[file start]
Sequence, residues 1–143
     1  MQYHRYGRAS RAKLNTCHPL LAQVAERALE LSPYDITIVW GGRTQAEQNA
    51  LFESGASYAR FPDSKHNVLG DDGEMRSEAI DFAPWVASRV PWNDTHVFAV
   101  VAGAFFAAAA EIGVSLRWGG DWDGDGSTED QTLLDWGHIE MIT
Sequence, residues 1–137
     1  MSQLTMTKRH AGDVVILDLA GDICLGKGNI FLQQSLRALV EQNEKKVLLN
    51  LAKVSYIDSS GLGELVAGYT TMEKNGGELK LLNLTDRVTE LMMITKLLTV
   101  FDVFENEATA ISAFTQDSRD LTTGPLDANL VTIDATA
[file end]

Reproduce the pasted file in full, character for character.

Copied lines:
Sequence, residues 1–143
     1  MQYHRYGRAS RAKLNTCHPL LAQVAERALE LSPYDITIVW GGRTQAEQNA
    51  LFESGASYAR FPDSKHNVLG DDGEMRSEAI DFAPWVASRV PWNDTHVFAV
   101  VAGAFFAAAA EIGVSLRWGG DWDGDGSTED QTLLDWGHIE MIT
Sequence, residues 1–137
     1  MSQLTMTKRH AGDVVILDLA GDICLGKGNI FLQQSLRALV EQNEKKVLLN
    51  LAKVSYIDSS GLGELVAGYT TMEKNGGELK LLNLTDRVTE LMMITKLLTV
   101  FDVFENEATA ISAFTQDSRD LTTGPLDANL VTIDATA